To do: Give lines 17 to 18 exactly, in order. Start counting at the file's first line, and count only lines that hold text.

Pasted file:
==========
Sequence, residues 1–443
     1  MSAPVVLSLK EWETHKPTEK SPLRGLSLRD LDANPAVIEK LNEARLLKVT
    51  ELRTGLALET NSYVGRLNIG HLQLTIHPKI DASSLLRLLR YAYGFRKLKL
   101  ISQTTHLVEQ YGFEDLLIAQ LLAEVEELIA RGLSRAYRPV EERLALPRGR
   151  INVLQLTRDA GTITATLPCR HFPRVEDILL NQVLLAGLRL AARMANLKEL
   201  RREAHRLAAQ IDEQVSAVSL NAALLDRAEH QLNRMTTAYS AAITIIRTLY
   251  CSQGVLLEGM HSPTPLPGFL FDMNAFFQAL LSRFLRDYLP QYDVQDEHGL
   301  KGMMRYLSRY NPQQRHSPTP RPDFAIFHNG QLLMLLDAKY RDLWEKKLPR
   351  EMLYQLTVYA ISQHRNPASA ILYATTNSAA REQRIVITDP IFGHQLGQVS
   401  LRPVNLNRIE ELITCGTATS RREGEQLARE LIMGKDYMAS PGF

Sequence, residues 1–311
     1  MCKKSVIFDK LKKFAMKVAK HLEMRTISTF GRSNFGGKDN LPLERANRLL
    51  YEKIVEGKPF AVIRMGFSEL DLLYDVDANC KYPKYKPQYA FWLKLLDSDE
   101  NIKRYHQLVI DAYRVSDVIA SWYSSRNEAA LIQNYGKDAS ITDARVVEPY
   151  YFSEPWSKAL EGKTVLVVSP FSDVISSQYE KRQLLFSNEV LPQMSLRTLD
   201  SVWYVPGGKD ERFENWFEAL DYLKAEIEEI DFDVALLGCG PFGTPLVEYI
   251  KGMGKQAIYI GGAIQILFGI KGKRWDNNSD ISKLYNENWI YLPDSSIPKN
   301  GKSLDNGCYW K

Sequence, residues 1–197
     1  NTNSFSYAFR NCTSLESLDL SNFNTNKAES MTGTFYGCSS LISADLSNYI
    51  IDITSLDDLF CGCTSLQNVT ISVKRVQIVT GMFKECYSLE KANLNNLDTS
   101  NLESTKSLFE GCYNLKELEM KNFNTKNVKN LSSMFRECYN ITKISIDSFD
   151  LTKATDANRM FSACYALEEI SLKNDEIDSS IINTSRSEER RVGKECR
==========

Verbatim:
   251  KGMGKQAIYI GGAIQILFGI KGKRWDNNSD ISKLYNENWI YLPDSSIPKN
   301  GKSLDNGCYW K